At the end of last week (28 August) NASA confirming that it had successfully tested two 3D-printed rocket injectors, which mix liquid oxygen and hydrogen gas together and send it into the engine.
The injectors were tested on stand at NASA’s Marshall Space Flight Center in Huntsville, Alabama. They ran for five seconds (see picture), burning fuel at temperatures greater than 6,000°F and producing 20,000lb of thrust, and performed “exceptionally well”, according to Chris Singer, director of Marshall’s engineering directorate.
NASA worked with two additive manufacturers – Solid Concepts in California and Directed Manufacturing in Texas – to design and create the injectors, and to explore how the 3D printing fabrication process itself could change how rocket engines are built in future.
“We wanted to go a step beyond just testing an injector and demonstrate how 3D printing could revolutionise rocket designs for increased system performance,” confirmed Singer.
The designers were able, for example, to create an injector with 40 individual spray elements that generated complex geometric flow patterns allowing oxygen and hydrogen to swirl together before combusting at 1,400lb per square inch.
Furthermore, NASA confirms that additive manufacturing helped to cut costs related to materials and fabrication time.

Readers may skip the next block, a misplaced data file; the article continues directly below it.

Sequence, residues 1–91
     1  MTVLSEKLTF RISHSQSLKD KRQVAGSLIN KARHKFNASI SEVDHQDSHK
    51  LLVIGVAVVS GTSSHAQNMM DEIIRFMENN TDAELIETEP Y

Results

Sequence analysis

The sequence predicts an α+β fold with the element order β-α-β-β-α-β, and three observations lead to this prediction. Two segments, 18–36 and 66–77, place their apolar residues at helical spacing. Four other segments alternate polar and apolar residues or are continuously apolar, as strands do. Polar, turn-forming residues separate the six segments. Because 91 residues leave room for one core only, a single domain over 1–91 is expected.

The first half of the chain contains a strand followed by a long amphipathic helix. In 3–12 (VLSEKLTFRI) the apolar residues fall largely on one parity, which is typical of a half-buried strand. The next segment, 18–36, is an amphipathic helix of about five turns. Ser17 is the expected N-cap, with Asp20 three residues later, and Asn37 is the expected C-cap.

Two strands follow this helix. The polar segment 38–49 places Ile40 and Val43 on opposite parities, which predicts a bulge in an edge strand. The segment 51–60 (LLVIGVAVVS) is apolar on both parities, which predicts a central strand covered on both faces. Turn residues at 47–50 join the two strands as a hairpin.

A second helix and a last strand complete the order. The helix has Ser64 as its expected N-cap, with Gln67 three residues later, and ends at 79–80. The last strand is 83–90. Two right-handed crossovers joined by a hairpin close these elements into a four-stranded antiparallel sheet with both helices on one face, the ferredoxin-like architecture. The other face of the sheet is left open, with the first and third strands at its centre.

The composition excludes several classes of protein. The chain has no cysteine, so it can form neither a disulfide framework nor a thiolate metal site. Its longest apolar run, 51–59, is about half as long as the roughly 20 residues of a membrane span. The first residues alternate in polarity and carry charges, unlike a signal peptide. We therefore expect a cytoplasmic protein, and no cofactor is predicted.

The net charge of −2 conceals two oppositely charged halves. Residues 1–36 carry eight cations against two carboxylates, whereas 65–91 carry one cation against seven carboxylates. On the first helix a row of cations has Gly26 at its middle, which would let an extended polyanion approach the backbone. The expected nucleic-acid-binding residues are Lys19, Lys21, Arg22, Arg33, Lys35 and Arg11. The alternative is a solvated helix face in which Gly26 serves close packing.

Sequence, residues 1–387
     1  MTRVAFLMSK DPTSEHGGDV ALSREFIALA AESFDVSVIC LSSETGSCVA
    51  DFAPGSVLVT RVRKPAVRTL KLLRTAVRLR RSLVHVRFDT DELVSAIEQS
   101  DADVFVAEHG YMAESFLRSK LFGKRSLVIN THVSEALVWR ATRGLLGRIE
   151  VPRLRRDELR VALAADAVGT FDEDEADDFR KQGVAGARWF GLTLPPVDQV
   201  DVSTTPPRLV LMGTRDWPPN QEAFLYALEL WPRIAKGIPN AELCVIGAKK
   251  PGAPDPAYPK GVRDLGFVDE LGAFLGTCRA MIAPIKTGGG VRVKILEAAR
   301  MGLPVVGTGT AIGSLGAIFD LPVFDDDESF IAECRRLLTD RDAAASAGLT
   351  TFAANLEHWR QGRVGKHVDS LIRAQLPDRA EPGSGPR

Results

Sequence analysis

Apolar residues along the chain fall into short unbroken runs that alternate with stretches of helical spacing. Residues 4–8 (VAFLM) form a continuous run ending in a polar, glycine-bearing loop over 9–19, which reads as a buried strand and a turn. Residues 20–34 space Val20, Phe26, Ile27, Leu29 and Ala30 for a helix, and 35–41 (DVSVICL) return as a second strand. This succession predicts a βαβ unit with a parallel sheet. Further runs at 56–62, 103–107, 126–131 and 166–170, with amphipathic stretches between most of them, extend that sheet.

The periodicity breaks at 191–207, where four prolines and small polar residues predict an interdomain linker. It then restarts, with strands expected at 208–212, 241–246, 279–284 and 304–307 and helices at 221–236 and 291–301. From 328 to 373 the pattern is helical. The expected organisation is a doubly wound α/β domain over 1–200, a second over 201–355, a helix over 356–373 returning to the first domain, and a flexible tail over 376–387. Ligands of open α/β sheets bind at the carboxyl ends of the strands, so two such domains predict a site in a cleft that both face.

The parts were built using selective laser melting, where metal powder is built up in layers and fused together with a laser. This enabled the designers to manufacture the injectors in two parts, where using traditional methods it would need 163 individual parts to be made and assembled.
The injectors were similar in size to those that power small rocket engines and close in design to those for large engines, such as the RS-25 engine which will power NASA’s space launch system (SLS) rocket and, hopefully, take humans to Mars.
Propulsion engineer Jason Turpin said: “We are working with industry to learn how to take advantage of additive manufacturing in every stage of space hardware construction from design to operations in space. We are applying everything we learn about making rocket engine components to the SLS and other space hardware.”
For all those involved in the manufacture and supply of components to the aerospace sector NASA’s approach will make very interesting reading. If additive manufacturing proves to be a safe bet for space travel it seems only a matter of time before OEMs and their supply chains begin to explore making more complex parts in this way.
In March, for example, Airbus signed an agreement with China’s North Western Polytechnical University to work together to identify new applications for 3D printing technology in commercial aviation.
It seems that not even the sky will be the limit for additive manufacturing.